Take a look at some of the sets that I've completed. This is a (slow) work in progress - more sets will be added as time permits!
After Penn State’s win over Illinois, I’ve decided that I ought to push aside my skepticism (easy early schedule, no pressure situations, etc) of my team and begin believing in my Nittany Lions! Last night's white out in Happy Valley was awe-inspiring on TV, I only wish I could have been there in person... I've got to make an effort to get to a Penn State game this season!
As I watched the day's highlights before the PSU game, I was amazed at the teams that choked and the teams that asserted themselves as legitimate teams. The last weekend resulted in a wild, crazy week of college football – which is why they play the games as they say. Since there was such turmoil, I’ve decided to throw my own top-25 into the blog-o-sphere for your entertainment.
Without further ado, here’s FanOfReds’ NCAA Top 25:
There’s mine, what do you think? Note, I try to reward actual wins versus the “celebrity status” of a team. Hence, USC’s drop to #10 and Northwestern (barely) making my top 25.
I don't consider myself an Emeril (bam!) yet, but I'm beginning to try and master the art of herbs and spices while making up my own culinary dishes. Today, I present a simple skillet meal that's surprisingly tasty (even if it doesn't photograph all that well).
Shrimp & Sausage Skillet
Penne pasta (cooked)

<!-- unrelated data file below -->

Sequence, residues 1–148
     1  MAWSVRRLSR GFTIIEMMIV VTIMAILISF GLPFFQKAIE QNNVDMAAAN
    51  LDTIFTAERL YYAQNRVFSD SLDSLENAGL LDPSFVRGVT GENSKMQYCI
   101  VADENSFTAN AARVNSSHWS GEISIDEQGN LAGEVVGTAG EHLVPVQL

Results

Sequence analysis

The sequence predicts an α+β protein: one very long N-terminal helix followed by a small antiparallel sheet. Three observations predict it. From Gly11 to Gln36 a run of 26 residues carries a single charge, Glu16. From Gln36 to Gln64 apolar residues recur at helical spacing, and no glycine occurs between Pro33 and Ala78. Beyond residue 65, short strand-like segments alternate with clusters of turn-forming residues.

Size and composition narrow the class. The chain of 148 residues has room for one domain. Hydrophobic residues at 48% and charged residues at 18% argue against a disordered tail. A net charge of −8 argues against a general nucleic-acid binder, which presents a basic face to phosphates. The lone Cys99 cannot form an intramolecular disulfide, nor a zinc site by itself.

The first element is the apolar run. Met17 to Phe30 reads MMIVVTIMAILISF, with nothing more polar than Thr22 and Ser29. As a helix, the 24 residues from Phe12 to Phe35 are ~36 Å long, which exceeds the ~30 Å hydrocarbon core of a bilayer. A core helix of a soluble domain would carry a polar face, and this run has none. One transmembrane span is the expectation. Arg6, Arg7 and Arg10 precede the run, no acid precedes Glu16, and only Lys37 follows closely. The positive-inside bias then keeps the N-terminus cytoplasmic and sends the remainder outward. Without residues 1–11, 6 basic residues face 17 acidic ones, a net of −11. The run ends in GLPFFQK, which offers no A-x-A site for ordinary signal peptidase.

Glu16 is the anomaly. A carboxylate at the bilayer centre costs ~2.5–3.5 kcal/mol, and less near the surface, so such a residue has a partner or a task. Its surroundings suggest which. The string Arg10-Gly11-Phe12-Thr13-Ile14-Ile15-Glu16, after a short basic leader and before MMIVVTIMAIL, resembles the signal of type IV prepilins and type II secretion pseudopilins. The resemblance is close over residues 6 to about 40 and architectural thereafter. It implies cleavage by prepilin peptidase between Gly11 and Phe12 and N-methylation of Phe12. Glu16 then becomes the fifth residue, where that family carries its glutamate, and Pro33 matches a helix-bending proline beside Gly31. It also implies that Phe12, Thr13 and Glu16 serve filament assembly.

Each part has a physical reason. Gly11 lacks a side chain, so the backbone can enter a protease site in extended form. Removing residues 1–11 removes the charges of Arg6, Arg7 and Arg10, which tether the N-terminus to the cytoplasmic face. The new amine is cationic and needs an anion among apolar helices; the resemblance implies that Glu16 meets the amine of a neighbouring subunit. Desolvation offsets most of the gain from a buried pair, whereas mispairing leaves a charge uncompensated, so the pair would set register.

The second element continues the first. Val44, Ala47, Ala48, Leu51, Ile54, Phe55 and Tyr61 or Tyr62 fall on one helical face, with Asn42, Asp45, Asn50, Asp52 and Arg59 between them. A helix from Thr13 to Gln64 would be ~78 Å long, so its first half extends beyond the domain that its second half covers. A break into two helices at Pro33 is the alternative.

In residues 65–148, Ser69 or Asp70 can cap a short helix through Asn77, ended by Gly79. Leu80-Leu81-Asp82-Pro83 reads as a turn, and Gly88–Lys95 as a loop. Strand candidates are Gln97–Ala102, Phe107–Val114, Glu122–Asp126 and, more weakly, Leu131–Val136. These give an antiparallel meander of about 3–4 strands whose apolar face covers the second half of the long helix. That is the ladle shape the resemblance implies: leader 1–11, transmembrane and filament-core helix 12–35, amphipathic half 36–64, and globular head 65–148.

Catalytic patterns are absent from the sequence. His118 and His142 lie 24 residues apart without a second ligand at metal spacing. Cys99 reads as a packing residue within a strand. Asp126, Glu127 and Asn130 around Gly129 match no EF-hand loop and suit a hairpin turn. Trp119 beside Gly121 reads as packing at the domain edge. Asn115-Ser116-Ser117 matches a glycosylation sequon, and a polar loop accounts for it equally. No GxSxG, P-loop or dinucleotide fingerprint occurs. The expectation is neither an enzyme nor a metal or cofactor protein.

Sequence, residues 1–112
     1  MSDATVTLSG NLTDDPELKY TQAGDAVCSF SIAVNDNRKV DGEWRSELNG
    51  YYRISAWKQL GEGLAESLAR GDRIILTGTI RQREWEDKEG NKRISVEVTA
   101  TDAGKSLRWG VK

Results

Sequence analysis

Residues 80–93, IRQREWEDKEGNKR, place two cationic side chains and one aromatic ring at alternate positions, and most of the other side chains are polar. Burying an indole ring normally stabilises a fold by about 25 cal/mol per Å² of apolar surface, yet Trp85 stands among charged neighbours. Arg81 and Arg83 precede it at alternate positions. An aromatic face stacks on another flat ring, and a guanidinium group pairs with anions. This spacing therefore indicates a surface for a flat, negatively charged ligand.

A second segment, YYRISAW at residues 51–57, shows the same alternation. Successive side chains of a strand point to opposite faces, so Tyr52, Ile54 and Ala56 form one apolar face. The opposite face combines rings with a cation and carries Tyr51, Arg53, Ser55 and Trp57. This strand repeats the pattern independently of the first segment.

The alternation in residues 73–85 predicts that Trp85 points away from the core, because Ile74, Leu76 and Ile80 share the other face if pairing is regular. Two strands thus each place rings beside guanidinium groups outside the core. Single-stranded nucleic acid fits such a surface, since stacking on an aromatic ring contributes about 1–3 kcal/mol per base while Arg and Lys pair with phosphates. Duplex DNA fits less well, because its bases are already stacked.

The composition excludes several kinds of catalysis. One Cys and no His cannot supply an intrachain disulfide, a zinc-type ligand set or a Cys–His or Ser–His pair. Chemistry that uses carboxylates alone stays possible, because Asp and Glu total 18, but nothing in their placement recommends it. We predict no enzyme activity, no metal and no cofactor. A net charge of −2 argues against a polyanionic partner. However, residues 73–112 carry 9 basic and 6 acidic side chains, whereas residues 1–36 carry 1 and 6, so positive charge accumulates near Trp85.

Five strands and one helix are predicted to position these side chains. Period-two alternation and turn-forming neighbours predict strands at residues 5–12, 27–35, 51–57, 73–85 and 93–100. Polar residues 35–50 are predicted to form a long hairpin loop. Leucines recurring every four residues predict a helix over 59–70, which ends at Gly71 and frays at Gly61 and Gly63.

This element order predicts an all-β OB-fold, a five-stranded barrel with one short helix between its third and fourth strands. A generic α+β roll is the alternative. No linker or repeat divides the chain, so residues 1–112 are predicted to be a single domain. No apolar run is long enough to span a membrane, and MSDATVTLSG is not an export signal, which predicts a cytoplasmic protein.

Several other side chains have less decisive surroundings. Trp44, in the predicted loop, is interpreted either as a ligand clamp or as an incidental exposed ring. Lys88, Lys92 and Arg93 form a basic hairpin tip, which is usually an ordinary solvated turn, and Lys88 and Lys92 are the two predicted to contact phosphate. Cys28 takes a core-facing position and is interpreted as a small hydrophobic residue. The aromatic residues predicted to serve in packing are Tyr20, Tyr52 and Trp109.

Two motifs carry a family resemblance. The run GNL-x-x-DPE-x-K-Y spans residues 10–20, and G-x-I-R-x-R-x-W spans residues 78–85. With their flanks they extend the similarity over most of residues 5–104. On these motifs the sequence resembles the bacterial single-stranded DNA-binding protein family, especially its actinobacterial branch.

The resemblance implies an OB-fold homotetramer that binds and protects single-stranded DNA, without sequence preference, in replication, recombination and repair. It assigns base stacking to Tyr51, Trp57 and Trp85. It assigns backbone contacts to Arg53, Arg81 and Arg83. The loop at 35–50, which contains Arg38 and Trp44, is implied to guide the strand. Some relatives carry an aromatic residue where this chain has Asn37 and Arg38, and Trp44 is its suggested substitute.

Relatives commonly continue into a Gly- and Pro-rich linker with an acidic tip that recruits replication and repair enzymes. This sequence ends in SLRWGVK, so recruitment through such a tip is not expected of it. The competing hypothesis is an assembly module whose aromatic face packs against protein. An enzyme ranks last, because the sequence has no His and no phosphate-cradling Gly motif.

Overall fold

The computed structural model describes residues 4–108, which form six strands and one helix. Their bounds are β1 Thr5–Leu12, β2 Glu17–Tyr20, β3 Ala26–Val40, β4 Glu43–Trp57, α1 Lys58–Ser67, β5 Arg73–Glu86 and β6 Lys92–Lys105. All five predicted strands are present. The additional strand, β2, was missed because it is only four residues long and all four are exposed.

12 large shrimp (cooked)
2 hot Italian Sausages
1 cup spaghetti sauce
1/4 onion, diced
1 tsp. Italian seasonings (mix of marjoram, thyme, rosemary, savory, oregano, and basil)
Shredded Mozzarella cheese
Grated Parmesan cheese
Slice the sausages into 1/4 inch wedges. Cook sausage pieces in a nonstick skillet until fully cooked through (add a bit of cooking oil if desired). Meanwhile, cook penne pasta as directed on package. After sausage is cooked through, add onion and cook for 1 minute, uncovered on medium heat. Add shrimp and spaghetti sauce, cook on low heat for about 3-7 minutes (depending on how "mushy" you want the onions). Thirty seconds before removing from heat, add Italian seasonings. Top penne with sausage and shrimp, sprinkle Mozzarella cheese and grated Parmesan cheese. Enjoy a simple skillet meal!
Note: Cook times vary depending on your equipment. I use an electric stovetop, so your times may be quite a bit quicker if you are using a gas stovetop instead.
Hardly more than two percent of the total population, Fieldmarshals are bound to
lead others, and from an early age they can be observed taking command of
groups. In some cases, they simply find themselves in charge of groups, and are
mystified as to how this happened. But the reason is that they have a strong
natural urge to give structure and direction wherever they are - to harness
people in the field and to direct them to achieve distant goals. They resemble
Supervisors in their tendency to establish plans for a task, enterprise, or
organization, but Fieldmarshals search more for policy and goals than for
regulations and procedures.
Fieldmarshals will usually rise to positions of responsibility and enjoy being
executives. They are tireless in their devotion to their jobs and can easily
block out other areas of life for the sake of their work. Superb administrators
in any field - medicine, law, business, education, government, the military -
Fieldmarshals organize their units into smooth-functioning systems, planning in
advance, keeping both short-term and long-range objectives well in mind. For the
Fieldmarshal, there must always be a goal-directed reason for doing anything,
and people's feelings usually are not sufficient reason. They prefer decisions
to be based on impersonal data, want to work from well thought-out plans, like
to use engineered operations - and they expect others to follow suit. They are